Just found this article over at Touchstone that touches a little on this idea. A titbit: "... to the returning Christ, we all have a feminine relationship: we are His bride."

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  6. Ha, I should have googled that statement about C. S. Lewis before I posted because I see that I must have gotten it from one of M. Scott Peck's books.

    So, it's possible an Emily Litella "never mind" is in order.

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    1. It goes way back to the Fathers somewhere.

      AMDG

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  7. Right, I'm very aware of that line of thought, and it's certainly valid. But it doesn't, as they say, speak to me--I don't see a clear way to incorporate it into my spiritual life, except in a limited sort of way during actual prayer.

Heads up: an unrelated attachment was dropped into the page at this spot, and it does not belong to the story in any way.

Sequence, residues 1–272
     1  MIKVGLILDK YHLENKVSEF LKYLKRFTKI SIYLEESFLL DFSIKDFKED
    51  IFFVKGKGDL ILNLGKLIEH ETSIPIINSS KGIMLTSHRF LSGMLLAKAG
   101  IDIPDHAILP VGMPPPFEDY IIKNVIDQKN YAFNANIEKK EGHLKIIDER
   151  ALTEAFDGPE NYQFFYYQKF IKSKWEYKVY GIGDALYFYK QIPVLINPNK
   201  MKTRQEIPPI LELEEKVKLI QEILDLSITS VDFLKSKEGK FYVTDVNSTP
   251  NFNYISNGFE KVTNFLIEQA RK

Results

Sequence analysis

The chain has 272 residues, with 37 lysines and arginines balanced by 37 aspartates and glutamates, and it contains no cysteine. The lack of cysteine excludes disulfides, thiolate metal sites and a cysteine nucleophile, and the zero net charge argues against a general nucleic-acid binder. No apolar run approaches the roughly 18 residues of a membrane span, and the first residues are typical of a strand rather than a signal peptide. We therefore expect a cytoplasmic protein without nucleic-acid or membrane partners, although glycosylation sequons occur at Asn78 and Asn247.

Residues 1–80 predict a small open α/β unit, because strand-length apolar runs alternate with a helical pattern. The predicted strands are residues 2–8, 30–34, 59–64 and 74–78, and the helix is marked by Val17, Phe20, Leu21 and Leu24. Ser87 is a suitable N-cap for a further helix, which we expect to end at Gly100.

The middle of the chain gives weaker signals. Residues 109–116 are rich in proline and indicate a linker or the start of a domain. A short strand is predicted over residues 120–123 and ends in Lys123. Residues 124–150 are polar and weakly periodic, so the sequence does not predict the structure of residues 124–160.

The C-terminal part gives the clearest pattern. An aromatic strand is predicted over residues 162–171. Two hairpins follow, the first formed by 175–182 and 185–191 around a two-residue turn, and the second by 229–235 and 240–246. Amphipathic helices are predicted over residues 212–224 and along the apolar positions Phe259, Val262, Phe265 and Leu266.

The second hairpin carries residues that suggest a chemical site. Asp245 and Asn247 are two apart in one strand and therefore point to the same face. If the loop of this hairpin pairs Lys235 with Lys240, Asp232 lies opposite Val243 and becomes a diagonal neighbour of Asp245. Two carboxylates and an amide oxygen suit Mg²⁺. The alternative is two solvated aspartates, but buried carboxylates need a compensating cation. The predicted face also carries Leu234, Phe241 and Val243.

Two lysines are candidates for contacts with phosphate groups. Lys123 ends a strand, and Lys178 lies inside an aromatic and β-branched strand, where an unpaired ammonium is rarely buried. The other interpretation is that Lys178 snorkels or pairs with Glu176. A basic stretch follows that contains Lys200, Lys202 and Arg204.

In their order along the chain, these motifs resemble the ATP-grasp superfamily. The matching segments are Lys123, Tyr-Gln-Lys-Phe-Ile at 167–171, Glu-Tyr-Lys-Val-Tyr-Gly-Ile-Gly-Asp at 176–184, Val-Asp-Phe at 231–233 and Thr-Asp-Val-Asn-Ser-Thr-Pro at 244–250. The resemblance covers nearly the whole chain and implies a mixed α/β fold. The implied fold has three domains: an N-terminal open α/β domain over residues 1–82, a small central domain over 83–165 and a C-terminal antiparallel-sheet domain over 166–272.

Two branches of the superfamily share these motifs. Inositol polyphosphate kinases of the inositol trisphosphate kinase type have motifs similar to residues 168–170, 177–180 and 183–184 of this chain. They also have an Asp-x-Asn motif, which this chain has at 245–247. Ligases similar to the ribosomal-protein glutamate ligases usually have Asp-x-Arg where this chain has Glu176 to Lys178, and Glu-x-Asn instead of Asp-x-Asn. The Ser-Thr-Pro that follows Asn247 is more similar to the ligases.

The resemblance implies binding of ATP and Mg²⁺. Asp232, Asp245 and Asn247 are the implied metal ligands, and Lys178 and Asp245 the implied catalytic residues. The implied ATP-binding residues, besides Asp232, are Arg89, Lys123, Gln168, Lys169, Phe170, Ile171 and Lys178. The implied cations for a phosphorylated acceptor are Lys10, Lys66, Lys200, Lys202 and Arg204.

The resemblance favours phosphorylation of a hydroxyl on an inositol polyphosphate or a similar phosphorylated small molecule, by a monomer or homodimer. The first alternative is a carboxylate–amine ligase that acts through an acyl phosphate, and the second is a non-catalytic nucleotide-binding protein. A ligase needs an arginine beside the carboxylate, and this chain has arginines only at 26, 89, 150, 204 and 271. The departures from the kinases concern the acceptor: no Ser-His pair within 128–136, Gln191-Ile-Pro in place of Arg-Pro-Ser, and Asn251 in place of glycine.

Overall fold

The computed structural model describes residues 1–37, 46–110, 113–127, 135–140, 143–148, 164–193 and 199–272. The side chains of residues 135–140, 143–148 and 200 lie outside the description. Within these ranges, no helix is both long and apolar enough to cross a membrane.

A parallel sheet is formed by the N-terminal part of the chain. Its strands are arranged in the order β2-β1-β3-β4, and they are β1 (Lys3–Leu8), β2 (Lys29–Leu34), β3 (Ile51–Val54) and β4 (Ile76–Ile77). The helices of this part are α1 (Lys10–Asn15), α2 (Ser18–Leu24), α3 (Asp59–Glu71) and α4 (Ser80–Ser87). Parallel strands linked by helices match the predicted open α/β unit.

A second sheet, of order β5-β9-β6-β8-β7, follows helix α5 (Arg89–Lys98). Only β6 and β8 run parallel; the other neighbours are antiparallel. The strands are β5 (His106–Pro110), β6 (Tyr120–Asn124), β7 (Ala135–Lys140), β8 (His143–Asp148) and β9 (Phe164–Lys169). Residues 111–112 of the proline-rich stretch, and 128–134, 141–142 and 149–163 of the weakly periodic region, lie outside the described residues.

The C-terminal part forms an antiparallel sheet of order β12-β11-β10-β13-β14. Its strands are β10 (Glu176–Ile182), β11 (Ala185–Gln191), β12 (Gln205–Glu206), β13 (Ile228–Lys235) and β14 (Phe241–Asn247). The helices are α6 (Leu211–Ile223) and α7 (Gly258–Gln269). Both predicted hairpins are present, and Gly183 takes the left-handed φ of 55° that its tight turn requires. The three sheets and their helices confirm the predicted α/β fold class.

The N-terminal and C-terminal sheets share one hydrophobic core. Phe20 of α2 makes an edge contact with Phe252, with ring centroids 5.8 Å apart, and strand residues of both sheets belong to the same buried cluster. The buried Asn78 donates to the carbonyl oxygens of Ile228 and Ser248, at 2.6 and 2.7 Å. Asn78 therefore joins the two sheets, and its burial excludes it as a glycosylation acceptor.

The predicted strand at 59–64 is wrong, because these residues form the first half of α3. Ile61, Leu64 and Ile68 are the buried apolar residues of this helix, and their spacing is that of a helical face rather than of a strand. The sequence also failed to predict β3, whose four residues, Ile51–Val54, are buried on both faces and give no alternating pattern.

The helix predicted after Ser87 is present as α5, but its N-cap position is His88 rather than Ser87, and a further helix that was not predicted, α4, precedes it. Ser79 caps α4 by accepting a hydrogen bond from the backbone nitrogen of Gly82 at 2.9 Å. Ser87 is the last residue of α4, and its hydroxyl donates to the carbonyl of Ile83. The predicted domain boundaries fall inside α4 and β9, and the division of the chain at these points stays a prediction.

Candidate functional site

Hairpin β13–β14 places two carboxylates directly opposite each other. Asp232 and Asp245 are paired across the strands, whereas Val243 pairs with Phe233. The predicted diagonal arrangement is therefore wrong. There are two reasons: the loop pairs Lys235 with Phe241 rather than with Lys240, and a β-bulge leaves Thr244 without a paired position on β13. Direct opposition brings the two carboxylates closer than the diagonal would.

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  8. The sons who do their father's bidding (or not), the stewards in relationship to their masters, the workmen and fishermen – perhaps these are more immediately resonant images for a man?

    But it's not just the Fathers, also the Prophets who speak of us as female in relationship to God.

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  9. Yes, those kinds of things speak more to me. Actually I have a long-planned essay on this which I hope to write next year.

    There's also the traditional idea of the soul as feminine.